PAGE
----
Sindh prize property

The Sindh prize property refers in the properties seized by the British in the First Anglo-Afghan War. In accordance with British naval prize legislation, prize money consisted of a monetary reward paid by a belligerent state, normally to the crew of a ship. Captures made by armies, called Booty of War, were distinct from naval prize monies and were made for a specific capture, often the storming of a city; awards of this nature did not set a precedent for other military captures in the same war and did not require adjudication by a prize court. Thus, in the case of the Sindh prize, the Commander in Chief ordered that "all horses, mules and bullocks captured in the fort of Ghuznee" be put up for sale by auction.[1] On 26 July 1839, Lieutenant General John Keane, 1st Baron Keane was nominated a Prize Agent to the army of the Indus, with invitations extended to Shah Shujah Durrani to participate in the selection of other agents.[2] Prize rolls were prepared in triplicate and forwarded to the relevant authorities.[2]

The sword of the Governor of Ghazni in the hands of the Prize Agents, to be sold by auction for the benefit of the captors, was claimed as a right by John Keane.[3] The delays caused by this dispute extended to other properties and in 1848 Allen's Indian Mail reported that "whole of the arms, Jewellery & c. captured at Haidrabad (Sindh)" had been lying undisposed of in the Bombay General Treasury for upward of three years.[4] Allen's Indian Mail also reports that the goods, valued at seven laks of rupees and filling about twenty-seven boxes, were sent from Bombay by the steamer Lady Mary Wood to the Pointe de Galle, and from there sent on a second steamer to Calcutta.[4]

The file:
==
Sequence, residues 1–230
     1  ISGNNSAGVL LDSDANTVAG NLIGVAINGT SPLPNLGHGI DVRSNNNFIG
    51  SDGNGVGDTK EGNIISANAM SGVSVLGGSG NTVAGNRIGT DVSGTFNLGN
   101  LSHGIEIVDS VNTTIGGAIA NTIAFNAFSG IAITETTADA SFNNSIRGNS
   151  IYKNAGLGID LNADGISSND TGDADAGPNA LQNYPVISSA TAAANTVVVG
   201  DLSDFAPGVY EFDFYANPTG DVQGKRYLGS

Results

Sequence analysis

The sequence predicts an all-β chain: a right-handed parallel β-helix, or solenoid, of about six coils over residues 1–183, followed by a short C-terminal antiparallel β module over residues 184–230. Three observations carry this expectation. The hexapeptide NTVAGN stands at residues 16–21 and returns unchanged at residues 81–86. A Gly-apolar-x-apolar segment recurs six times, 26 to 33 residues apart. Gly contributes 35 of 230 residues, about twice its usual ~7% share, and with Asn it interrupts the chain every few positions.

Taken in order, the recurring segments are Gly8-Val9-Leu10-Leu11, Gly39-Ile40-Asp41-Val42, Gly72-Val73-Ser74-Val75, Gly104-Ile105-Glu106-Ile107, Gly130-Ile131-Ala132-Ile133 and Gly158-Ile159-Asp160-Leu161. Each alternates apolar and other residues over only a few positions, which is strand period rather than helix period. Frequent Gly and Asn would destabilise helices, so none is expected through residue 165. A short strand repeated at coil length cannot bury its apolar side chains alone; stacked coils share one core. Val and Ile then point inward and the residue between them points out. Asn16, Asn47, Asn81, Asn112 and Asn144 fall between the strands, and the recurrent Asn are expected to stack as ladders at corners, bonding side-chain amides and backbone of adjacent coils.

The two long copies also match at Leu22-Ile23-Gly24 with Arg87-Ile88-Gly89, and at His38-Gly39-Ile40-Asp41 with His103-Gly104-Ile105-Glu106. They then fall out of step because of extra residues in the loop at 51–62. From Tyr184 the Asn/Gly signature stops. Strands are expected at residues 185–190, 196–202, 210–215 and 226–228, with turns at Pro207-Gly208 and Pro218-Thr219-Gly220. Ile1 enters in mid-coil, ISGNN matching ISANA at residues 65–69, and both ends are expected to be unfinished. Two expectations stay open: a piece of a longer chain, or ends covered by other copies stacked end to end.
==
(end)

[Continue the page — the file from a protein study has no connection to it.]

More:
ReferencesEdit

  1. ^ William Hough, A Narrative of the March and Operations of the Army of the Indus, in the Expedition to Affghanistan in the Years 1838-1839: Comprising Also the History of the Dooranee Empire from Its Foundation to the Present Time (London: W. H. Allen, 1841), 216.
  2. ^ a b William Hough, A Narrative of the March and Operations of the Army of the Indus, in the Expedition to Affghanistan in the Years 1838-1839: Comprising Also the History of the Dooranee Empire from Its Foundation to the Present Time (London: W. H. Allen, 1841), 219.
  3. ^ William Hough, A Narrative of the March and Operations of the Army of the Indus, in the Expedition to Affghanistan in the Years 1838-1839: Comprising Also the History of the Dooranee Empire from Its Foundation to the Present Time (London: W. H. Allen, 1841), 331.
  4. ^ a b Allen's Indian Mail and Register of Intelligence for British & Foreign India, China, & All Parts of the East, Volume 6 (London, W. H. Allen, 1848), 390.